North Dakota adopted the nation’s strictest abortion ban Tuesday, setting the stage for a lengthy court battle and reviving the charge among abortion-rights supporters that Republicans are “radical” on women’s health.
The measure, signed Tuesday by North Dakota Gov. Jack Dalrymple (R), bans abortions when doctors can first detect a heartbeat, or after about six weeks of fetal development.
Two other new laws ban genetic and gender discrimination in abortions, and require abortion doctors to maintain admitting privileges at a hospital.
Planned Parenthood’s political arm called the bans an “unprecedented attack on women’s rights and health” and a “wake-up call for the country.”
“With one swipe of his pen, the governor has severely compromised the health and well-being of families and women in North Dakota,” said Sarah Stoesz, president and CEO of Planned Parenthood Minnesota, North Dakota, South Dakota.
Abortion-rights opponents, meanwhile, praised the groundswell of support for more restrictions.
The North Dakota law “reveals the disconnect that we’re seeing between the will of Americans at the grassroots level versus the status quo of Roe v. Wade,” said Mallory Quigley, a spokeswoman for Susan B. Anthony List, a political action committee that opposes abortion rights.
Abortion issues were a major flashpoint in the 2012 cycle. Former GOP Senate candidate Todd Akin’s (Mo.) controversial comment on rape — that women who are victims of “legitimate rape” rarely become pregnant because the body “has ways of trying to shut the whole thing down” — likely cost him his race.
Democrats jumped on the comments, seeking to use them against other Republicans around the country. Pollsters say this contributed to one of the largest presidential gender gaps on record.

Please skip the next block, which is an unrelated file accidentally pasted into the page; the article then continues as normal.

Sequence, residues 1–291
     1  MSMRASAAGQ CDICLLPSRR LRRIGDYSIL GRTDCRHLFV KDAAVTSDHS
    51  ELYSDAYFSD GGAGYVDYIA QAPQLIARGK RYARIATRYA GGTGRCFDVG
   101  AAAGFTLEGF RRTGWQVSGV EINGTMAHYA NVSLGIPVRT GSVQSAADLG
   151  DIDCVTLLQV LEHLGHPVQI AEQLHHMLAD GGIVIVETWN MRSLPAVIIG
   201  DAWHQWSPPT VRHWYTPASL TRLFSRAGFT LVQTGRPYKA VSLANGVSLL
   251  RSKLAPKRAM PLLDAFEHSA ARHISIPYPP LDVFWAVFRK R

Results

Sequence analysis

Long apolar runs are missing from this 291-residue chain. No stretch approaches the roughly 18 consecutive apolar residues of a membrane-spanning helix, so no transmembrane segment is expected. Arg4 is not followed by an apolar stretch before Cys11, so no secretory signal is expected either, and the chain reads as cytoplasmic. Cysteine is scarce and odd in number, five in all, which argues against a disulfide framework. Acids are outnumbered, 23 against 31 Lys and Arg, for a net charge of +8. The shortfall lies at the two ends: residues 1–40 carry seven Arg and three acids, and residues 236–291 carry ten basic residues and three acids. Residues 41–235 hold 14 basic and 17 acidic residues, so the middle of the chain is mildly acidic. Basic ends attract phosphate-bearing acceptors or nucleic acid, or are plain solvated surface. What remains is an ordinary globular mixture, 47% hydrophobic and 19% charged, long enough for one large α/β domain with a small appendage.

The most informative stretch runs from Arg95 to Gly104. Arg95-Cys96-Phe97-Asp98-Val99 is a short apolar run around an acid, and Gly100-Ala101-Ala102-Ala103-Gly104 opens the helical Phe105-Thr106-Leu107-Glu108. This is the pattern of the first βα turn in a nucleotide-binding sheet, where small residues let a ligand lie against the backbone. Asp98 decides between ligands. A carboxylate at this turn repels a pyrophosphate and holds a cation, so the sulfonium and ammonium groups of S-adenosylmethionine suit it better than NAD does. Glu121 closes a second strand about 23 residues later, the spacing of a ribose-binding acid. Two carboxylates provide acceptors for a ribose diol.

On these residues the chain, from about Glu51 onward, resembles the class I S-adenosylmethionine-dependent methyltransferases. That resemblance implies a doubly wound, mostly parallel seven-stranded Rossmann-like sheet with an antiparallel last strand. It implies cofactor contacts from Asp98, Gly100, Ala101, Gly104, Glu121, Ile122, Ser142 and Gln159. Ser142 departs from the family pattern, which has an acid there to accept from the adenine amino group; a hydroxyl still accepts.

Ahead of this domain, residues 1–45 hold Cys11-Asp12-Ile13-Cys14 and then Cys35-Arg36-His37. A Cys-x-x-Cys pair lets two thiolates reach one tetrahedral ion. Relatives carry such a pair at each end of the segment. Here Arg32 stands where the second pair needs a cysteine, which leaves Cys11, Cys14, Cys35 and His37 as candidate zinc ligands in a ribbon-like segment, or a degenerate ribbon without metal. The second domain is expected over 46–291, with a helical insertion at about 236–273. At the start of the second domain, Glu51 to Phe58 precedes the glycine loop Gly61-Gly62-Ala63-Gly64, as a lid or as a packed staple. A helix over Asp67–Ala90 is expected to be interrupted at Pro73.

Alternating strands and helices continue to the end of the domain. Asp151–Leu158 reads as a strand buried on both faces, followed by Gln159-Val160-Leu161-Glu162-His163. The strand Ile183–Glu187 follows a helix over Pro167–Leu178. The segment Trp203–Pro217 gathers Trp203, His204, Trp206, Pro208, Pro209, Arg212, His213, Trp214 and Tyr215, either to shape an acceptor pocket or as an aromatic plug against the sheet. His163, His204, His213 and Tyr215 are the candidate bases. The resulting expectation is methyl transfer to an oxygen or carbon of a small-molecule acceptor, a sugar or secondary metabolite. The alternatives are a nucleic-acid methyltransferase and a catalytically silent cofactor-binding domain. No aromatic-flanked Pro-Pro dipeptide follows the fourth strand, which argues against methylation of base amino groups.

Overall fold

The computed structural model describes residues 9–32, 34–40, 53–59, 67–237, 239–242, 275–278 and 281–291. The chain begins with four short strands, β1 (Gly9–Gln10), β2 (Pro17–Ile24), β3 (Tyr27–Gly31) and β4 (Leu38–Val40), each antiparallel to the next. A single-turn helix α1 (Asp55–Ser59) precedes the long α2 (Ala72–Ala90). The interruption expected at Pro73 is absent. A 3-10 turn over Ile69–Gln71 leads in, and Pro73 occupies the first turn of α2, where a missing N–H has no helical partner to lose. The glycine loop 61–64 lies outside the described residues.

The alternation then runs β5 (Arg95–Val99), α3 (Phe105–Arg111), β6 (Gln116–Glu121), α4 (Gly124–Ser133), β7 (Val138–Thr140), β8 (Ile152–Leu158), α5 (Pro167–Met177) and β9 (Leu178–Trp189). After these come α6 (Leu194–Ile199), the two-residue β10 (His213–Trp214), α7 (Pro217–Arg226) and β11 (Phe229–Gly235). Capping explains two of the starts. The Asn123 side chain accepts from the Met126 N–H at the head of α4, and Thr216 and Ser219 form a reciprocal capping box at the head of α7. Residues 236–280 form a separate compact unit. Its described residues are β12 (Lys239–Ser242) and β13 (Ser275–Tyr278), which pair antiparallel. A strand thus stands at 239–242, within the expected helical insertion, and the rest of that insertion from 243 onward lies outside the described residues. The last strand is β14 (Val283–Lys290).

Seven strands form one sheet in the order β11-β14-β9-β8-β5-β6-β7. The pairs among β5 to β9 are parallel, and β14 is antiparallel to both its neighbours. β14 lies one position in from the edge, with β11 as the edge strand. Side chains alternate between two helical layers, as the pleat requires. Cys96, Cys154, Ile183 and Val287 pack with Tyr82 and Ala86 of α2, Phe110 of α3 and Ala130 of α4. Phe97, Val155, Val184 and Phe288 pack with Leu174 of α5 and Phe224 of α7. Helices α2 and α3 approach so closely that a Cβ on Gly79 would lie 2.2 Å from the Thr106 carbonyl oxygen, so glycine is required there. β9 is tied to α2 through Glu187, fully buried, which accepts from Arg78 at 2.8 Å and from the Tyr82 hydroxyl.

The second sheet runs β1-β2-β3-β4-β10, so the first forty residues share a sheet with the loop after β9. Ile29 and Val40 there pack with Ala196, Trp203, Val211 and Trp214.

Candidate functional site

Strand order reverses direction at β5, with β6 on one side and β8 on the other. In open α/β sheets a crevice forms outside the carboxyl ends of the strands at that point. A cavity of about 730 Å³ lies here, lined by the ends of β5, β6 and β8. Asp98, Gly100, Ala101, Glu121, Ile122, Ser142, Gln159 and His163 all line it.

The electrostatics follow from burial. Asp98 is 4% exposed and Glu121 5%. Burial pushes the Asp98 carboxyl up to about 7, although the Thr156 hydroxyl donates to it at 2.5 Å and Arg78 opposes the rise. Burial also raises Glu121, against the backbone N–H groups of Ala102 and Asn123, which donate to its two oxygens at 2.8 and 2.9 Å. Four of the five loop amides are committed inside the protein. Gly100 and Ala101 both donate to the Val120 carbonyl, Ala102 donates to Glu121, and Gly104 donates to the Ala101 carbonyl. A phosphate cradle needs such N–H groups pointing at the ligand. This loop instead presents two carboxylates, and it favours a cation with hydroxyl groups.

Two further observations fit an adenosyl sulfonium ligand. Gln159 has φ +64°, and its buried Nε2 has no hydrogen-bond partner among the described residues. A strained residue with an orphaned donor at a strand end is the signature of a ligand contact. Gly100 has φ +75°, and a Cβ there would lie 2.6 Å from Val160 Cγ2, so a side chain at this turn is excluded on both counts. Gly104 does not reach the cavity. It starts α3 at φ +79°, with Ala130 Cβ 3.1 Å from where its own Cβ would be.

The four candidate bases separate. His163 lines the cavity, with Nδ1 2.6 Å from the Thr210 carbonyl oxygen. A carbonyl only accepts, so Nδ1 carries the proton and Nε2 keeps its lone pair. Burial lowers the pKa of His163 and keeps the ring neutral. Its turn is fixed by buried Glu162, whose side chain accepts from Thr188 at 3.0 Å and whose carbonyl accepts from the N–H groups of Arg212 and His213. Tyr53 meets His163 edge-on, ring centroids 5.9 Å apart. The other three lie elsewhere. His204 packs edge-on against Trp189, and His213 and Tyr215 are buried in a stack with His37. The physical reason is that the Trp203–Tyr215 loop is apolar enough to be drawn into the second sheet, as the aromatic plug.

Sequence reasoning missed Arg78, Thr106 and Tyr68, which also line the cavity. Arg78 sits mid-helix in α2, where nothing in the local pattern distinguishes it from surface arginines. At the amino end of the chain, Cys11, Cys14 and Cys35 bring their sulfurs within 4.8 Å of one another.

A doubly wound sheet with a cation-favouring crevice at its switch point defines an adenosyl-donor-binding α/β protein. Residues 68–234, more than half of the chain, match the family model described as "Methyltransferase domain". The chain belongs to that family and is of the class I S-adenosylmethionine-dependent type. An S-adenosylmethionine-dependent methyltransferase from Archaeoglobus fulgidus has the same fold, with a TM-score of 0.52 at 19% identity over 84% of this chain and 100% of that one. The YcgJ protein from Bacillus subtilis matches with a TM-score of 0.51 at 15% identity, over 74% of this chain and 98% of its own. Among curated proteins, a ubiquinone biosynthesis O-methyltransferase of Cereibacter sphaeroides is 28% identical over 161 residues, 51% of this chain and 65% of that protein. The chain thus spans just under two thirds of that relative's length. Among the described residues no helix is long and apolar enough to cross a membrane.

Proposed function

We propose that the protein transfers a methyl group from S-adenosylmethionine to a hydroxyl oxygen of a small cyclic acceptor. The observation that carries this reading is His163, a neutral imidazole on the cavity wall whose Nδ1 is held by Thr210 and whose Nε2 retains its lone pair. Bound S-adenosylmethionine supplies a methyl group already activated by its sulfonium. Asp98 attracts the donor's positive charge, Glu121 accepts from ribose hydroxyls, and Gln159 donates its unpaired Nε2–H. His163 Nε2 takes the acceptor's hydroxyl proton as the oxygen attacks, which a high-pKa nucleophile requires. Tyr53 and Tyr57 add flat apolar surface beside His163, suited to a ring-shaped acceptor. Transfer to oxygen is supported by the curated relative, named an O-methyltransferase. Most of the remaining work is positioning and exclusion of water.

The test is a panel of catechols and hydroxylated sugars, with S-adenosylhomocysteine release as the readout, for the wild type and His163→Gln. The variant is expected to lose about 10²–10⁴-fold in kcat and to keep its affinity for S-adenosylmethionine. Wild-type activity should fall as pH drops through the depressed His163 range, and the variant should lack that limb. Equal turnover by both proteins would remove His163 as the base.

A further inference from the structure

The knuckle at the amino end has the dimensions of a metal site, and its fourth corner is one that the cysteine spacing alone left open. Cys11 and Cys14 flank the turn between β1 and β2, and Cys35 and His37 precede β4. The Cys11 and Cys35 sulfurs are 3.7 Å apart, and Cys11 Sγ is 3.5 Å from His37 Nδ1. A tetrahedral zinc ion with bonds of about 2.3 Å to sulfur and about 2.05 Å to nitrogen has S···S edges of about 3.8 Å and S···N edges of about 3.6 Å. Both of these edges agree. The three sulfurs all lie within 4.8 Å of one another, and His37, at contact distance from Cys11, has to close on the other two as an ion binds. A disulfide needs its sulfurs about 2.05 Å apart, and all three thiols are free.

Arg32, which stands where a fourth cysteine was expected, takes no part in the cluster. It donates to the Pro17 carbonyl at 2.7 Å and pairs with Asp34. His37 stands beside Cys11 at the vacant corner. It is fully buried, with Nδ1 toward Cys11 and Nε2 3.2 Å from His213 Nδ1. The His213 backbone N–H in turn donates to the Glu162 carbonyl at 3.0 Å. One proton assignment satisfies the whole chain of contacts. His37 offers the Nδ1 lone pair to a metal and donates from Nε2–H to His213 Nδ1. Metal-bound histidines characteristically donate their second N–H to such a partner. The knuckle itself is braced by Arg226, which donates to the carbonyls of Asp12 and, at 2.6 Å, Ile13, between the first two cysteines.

On Tuesday, Democrats in North Dakota immediately began raising funds from the state’s new abortion laws, and abortion-rights supporters vowed to take the same arguments to voters during the midterm elections.
The National Republican Senatorial Committee (NRSC) questioned the North Dakota law’s relevance to voters going to the polls next year.
“That’s a state-level issue for the folks in North Dakota to discuss, a state which to my knowledge doesn’t have a competitive race in 2014 unless Heidi HeitkampHeidi HeitkampBattle begins over Wall Street rules Business groups silent on Trump's Ex-Im nominee Sanders supporter to run against red-state Democrat MORE decides to retire,” NRSC spokesman Brad Dayspring said
In addition to the six-week ban, Dalrymple also approved a prohibition on abortions based on genetic or gender discrimination Tuesday.
The Republican governor also OKed a requirement that North Dakota doctors who administer abortions maintain hospital admitting privileges.
Each of the laws promises its own court battle.
The “heartbeat” ban goes into effect in August, and the first lawsuits are expected mid-summer. The Center for Reproductive Rights will represent the state’s sole abortion clinic.
Dalrymple said Tuesday that the new law is a test to “discover the boundaries of Roe v. Wade.” Arkansas previously had the most stringent ban, at 12 weeks.
“Because the U.S. Supreme Court has allowed state restrictions on the performing of abortions and because the Supreme Court has never considered this precise restriction ... the constitutionality of this measure is an open question,” Dalrymple said in a statement.
North Dakota is also likely to hold a referendum on whether life begins at conception, perhaps in 2014.
That vote would effectively ban all abortion in the state if it passes, though opponents say there’s a possibility it could be challenged in court before appearing on the ballot.
This was the case in Oklahoma in 2012, where a “personhood” measure was shot down in court before voters could weigh in.
Quigley said that for many Americans, Roe v. Wade is “not settled law.”
“The issue is unresolved for many, many Americans and they want to see life protected and they are taking to the state legislatures to protect it,” Quigley said.
Robin Nelson, an abortion-rights supporter who demonstrated at the North Dakota State Capitol earlier this week, said the new state laws are a “backdoor way to shut down abortion clinics.”
She warned that some angry activists could call for Dalrymple’s impeachment or a recall.
A less extreme — and more likely — approach, she said, will be to focus on the midterm elections.